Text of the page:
Prineville expands urban growth boundary for industrial land

Still needs more; irport plans also being updated

Prineville expands urban growth boundary

PRINEVILLE, Ore. - Prineville city councilors have approved a resolution to expand the city's urban growth boundary by 38 acres. That acreage is already part of a 230-acre industrial site. 

According to the city's planning director, Phil Stenbeck, the additional acreage was originally zoned as "county-heavy industrial" and is now labeled "city-heavy industrial." 

The property is located on Houston Lake Road, just east of the city's landfill.

Stenbeck said Wednesday the city strategically plans for businesses to come to Prineville, so if a plot is zoned for industrial use, that is what it will be used for. 

By state land-use law, both the city and the county have to approve expanding the UGB. 

"So a UGB can't just be expanded anywhere," Stenbeck said. "What you will find is the cost of adding that infrastructure is so expensive, you find areas where it doesn't make sense economically to provide lands to the UGB."

None of the land zoned for industrial use is near a residential area.

"Industrial lands are where manufacturing jobs are created and the type of businesses that create jobs," Stenbeck said.

The city still needs an additional 300 acres of industrial land to meet its goal. 

Stenbeck said because of the Oregon statewide land-use planning program, the city must provide economic opportunities by making sure there is an inventory of buildable industrial lands.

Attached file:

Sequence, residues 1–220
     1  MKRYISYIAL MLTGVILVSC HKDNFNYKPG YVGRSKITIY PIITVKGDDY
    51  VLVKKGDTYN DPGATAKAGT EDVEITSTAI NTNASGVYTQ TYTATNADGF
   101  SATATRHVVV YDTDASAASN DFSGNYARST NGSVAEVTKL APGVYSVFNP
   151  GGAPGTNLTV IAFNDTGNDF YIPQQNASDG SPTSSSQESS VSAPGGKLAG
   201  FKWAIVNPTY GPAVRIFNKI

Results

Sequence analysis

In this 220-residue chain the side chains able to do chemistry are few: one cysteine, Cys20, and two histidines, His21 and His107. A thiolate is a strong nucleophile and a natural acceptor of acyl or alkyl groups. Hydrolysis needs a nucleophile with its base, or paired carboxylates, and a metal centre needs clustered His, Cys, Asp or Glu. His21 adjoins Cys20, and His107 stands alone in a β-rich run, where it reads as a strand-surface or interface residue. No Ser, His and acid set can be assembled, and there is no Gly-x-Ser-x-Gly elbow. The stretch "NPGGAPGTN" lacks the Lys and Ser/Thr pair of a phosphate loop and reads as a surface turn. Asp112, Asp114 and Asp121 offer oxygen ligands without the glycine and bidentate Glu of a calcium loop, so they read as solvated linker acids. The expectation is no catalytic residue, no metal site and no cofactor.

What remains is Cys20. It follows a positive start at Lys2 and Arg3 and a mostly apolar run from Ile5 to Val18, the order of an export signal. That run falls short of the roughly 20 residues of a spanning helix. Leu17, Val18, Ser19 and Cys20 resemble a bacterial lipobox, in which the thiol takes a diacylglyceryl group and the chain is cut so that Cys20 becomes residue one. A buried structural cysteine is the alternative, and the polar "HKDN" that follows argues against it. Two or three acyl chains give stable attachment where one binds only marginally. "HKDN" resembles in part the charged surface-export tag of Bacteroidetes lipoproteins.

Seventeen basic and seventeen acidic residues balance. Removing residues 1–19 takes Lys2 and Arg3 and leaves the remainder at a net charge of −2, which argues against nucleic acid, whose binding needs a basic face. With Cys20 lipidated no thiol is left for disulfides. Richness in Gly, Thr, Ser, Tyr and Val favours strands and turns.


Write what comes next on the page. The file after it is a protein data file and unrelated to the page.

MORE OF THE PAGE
Even with the additional 38 acres, the city is still short on industrial lands. It needs an additional 300 acres, which has not been identified yet. The state requires cities identify a 20-year supply of residential, industrial and commercial land, based on projected growth.

"We have adequate residential ,and we could probably use a little bit of commercial land, but what we found is we had a deficit of industrial land," Stenbeck said. 

Meanwhile, an update for the Prineville/Crook County airport master plan is underway and was presented to city council Tuesday night. It has not been updated since 2003. 

According to Airport Manager Kelly Coffelt, the plan will create a 10- to 20-year forecast of needs. The process of updating that plan began a year and a half ago, and future changes include runway and building expansion, and the possible introduction of the drone industry. 

According to Coffelt, in the last six to seven years, the amount of aircraft on the field in Prineville has nearly doubled, from 74 to 134 planes. 

He also made it clear the airport will not serve commercial purposes. 

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